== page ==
The Applicable Law in Foreign Investment Disputes

16 Pages Posted: 30 Jan 2013 Last revised: 6 Jun 2014

See all articles by Jan Hendrik Dalhuisen

Jan Hendrik Dalhuisen

King's College London; University of California, Berkeley; Catolica Global School of Law

Andrew T. Guzman

USC Gould School of Law

Date Written: January 30, 2013


Many foreign investment disputes include important disagreements on the question of applicable law. Though treaty text, passed decisions, and academic commentary are all relevant to the question, there remains considerable uncertainty on the question of how a tribunal should decide what law applies. The dominant approach distinguishes situations in which relevant treaty text provides for party autonomy with respect to choice of law (e.g., ICSID) and those in which no such choice of choice is invited (e.g., NAFTA). It is commonly thought that the parties have greater power to choose the applicable law in the former case than in the latter. This article demonstrates that the distinction between these two situations is illusory. The degree of party autonomy is virtually identical in the two situations. The real question for a tribunal is to determine which choices are at the free disposition of the parties and which are, instead mandatory.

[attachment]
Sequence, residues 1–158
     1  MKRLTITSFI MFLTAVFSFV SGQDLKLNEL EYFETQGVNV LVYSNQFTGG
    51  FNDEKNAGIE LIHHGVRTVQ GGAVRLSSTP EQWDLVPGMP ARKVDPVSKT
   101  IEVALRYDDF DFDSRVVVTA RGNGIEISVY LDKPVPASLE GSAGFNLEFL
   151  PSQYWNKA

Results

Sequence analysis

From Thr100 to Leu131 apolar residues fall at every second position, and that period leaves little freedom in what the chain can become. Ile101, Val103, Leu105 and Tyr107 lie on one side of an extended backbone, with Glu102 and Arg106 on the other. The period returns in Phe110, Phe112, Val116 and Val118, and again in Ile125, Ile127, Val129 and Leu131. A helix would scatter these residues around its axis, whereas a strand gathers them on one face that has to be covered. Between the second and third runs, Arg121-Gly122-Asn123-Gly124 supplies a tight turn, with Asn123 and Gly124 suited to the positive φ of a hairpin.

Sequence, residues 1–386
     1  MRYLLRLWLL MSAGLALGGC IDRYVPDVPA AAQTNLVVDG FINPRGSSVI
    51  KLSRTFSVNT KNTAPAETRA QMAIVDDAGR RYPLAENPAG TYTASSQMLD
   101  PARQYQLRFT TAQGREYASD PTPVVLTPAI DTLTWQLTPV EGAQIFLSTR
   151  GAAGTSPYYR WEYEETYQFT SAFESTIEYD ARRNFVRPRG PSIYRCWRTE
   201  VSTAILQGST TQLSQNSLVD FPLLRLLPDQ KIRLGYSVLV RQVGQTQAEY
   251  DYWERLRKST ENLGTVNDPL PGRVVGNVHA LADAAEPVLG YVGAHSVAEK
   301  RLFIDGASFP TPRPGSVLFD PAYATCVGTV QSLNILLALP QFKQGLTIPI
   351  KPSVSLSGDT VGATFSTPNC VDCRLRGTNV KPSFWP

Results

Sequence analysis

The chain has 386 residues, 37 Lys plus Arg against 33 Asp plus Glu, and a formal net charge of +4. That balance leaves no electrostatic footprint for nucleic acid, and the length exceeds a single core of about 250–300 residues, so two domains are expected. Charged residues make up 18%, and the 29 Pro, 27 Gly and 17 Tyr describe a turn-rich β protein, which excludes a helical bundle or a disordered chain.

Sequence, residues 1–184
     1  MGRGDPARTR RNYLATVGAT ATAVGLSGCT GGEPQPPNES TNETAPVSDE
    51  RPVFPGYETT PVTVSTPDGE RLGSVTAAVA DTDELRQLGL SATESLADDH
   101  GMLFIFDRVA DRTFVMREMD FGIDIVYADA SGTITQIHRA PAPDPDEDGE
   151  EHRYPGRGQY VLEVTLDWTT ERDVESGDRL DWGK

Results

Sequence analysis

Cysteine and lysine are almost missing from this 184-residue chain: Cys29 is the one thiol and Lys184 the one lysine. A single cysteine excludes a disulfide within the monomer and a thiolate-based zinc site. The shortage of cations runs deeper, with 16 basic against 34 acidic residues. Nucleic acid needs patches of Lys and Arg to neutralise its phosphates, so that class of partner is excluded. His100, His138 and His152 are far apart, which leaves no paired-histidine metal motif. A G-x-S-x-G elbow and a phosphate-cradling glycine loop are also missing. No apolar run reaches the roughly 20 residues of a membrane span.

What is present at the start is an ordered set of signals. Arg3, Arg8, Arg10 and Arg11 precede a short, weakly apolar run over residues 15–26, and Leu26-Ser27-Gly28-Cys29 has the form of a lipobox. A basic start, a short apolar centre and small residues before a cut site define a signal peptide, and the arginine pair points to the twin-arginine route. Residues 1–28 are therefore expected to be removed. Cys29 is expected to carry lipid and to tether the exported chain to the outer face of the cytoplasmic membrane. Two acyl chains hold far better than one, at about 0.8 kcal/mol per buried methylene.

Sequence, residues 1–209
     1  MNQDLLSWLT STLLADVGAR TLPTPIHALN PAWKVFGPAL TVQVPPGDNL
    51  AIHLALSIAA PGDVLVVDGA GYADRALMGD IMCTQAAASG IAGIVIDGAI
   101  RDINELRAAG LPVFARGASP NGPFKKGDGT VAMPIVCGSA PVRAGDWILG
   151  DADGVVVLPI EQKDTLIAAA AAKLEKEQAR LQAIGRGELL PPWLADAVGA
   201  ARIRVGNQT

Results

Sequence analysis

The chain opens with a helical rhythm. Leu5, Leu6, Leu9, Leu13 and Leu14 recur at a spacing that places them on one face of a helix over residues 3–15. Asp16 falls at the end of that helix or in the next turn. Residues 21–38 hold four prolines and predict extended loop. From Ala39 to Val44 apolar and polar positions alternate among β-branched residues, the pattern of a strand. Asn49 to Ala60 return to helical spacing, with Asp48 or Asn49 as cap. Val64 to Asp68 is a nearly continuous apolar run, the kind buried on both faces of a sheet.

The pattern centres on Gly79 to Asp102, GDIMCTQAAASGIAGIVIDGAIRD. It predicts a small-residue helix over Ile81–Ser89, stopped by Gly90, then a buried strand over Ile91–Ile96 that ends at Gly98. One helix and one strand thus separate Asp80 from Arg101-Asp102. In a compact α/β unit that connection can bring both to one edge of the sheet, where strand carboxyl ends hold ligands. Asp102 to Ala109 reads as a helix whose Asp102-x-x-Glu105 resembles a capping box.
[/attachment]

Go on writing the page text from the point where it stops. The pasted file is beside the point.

Keywords: foreign investment, applicable law

JEL Classification: K33

Suggested Citation

Dalhuisen, Jan Hendrik and Guzman, Andrew T., The Applicable Law in Foreign Investment Disputes (January 30, 2013). Available at SSRN: or

Jan Hendrik Dalhuisen

King's College London ( email )


University of California, Berkeley ( email )

Berkeley, CA
United States

Catolica Global School of Law ( email )

Palma de Cima
Lisbon, 1649-023

Andrew T. Guzman (Contact Author)

USC Gould School of Law ( email )

699 Exposition Boulevard
Los Angeles, CA 90089
United States

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